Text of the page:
2. However a copy of the new or revised National Plan for Music Education must be sent to all schools and governing bodies in the country, so that they are aware of their role within the government’s vision, as outlined within the plan, for Music Education. The plan is not a plan for Hubs, but a plan for all those involved in the education of children and young people in Music, but if, as was the case with the current plan, schools and other music education providers are not aware of it, how can they play their part in its delivery?!
  3. More can, and should be done, to strengthen the Music Education Hub commitment to partnership. The Music Education Hubs need to remain committed to both sharing musical skills and knowledge within and across their musical communities and professional groups, and be committed to further developing musical skills and knowledge through training.
  4. There needs to be more clarity of the relationship between the National Curriculum for Music and National Plan for Music Education. One interesting suggestion put forward during the consultation was that this could perhaps be done by replacing the current core roles outlined as the responsibility of Music Education Hubs, with statements which encourage them to enhance opportunities to compose, perform and listen/understand music.   Could there be a statement that ensures music hubs support and partner all their schools in the provision of each of these three activities at each stage of learning?  A school is responsible for its curriculum, but the organisations that make up the Music Education Hub can and should be able to provide schools with support, and this could perhaps be tagged with these headings to help everyone see the connection between the aims of classroom teaching and the enhanced opportunities provided by the Hubs.
  5. There is agreement amongst those we consulted that the government should let each Music Education Hub be locally accountable for its role in the implementation of the core and extension roles. This would mean that activities such as whole class ensemble teaching, singing development and performance opportunities are developed as appropriate to local needs.  Obviously there needs to be a national commitment to diversity, inclusion and musical quality for all children, but how that is delivered in each locality might vary based on contextual circumstances.
  6. We noted from the consultation that many are calling for clearer statements about music education for children with disabilities, and for there to be a focus on inclusion.
  7. And finally, there was a call to change the reporting and accountability framework linked to the Department of Education’s funding for Hubs. The shift would be from simply counting and celebrating the numbers of children participating in activity, to Hubs presenting the successes and challenges they have faced in delivering activity, and to identifying and stating how work is delivering value for money in terms of quality outcomes and the wider social impact.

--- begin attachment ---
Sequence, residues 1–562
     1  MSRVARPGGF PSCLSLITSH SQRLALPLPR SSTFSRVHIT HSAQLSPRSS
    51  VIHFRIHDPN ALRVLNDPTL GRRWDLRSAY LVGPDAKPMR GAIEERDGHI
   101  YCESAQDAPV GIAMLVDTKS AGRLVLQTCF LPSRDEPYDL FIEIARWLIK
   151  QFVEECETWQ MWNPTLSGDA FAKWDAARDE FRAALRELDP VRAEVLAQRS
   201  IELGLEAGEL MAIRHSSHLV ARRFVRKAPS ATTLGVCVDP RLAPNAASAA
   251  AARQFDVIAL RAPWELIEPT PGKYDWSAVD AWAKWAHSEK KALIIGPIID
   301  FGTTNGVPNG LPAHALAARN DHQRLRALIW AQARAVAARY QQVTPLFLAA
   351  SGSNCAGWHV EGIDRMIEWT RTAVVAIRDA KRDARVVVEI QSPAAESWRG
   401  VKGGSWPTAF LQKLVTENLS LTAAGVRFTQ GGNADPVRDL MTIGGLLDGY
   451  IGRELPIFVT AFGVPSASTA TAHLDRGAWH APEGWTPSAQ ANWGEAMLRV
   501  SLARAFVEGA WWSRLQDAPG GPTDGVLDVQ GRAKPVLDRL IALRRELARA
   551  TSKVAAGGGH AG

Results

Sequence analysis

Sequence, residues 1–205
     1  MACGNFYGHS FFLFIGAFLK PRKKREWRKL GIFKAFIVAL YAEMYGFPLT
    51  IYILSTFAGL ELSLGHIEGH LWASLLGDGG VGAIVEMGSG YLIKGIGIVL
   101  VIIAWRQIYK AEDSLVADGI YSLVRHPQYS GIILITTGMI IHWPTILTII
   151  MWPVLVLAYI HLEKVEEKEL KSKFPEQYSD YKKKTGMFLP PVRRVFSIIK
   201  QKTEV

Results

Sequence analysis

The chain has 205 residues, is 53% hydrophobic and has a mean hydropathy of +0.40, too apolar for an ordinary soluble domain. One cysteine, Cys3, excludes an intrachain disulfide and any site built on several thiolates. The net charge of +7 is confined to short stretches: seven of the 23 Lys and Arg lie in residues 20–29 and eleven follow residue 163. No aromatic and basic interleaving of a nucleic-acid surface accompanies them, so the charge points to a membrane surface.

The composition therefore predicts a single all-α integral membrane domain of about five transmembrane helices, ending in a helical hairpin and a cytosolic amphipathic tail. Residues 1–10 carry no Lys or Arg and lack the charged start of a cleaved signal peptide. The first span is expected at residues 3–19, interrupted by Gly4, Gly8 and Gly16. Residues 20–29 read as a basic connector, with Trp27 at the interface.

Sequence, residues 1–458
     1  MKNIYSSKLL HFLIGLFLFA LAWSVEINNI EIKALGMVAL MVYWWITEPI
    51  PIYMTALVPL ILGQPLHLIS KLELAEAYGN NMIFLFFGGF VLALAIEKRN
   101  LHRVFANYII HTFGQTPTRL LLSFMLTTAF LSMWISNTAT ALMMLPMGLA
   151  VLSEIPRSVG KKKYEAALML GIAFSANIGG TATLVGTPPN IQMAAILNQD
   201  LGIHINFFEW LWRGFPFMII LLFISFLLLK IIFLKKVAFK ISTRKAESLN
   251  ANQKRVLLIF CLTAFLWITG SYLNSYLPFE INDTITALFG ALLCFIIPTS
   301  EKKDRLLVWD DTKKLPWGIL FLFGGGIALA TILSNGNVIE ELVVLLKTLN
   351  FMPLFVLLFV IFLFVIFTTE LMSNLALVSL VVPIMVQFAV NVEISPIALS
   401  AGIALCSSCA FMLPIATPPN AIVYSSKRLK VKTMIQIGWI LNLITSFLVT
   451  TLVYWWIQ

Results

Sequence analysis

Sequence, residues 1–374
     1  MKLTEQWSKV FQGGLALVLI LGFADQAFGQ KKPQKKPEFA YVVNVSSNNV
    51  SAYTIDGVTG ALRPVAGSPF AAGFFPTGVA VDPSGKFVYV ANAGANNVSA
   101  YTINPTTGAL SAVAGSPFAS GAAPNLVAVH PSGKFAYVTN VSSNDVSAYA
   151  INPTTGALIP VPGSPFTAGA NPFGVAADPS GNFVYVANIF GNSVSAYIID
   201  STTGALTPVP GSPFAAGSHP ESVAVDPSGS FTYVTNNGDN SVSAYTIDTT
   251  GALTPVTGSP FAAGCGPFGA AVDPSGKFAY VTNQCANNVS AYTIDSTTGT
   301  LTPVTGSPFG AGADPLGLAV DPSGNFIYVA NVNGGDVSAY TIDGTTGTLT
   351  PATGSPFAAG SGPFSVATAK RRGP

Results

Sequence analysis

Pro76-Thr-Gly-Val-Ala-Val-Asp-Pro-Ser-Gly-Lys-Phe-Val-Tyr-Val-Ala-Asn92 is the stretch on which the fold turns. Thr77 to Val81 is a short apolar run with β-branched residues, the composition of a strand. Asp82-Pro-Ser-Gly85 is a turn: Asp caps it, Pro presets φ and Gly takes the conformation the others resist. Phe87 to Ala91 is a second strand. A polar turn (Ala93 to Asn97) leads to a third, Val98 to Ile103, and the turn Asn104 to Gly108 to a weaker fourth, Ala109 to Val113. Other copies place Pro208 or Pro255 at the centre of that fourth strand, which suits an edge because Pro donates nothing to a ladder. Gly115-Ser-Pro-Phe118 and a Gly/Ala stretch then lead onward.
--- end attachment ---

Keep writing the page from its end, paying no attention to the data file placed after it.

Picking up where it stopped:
As I said, the full report is on our website and we have limited time this morning, so rather than going into further, more detailed, analysis of each of the 7 points here, I thought I would particularly focus on the discussions around the role of schools, and the National Curriculum, within the current and any future National Plan.

I am looking forward to hearing from Duncan and Ally about the University of Sussex research and from Susan about the new Ofsted Inspection Framework, both of which I am sure will have an impact, hopefully a positive one, on music education provision in schools going forward.  However, one thing that has been made crystal clear with the consultation Music Mark has done over the past 9 months, is that the National Plan for Music Education is not having the government’s desired impact in schools.

The 2012 plan highlighted a clear role of schools in the music education of children and young people and saw Music Hubs as providing support and enhanced opportunities beyond the provision they expected all schools to provide.  However, many responses to our consultation stated that few schools even know about the Plan, and for the few who do there is confusion as to how it fits with the curriculum.

The word ‘patchy’ can be defined as uneven quality or performance, and you’ll be aware that it’s a word which has been used to describe the network of Music Education Hubs.  Personally, I think a better term for hubs is diverse, but I do think ‘patchy’ could be a very good descriptor for schools.  Patchy in their provision of music and patchy in their connection to their music education hub.

It’s like the poem about the little girl who had a little curl…. When a school is good it’s very, very good, but when it is bad it’s horrid!  Well, perhaps that’s a little extreme, but the discussions I was involved in during the Music Mark’s consultation sessions, highlighted the really diverse levels of success Hubs have had in building relationships with schools as well as the range of schools’ approaches to using the hub as a resource.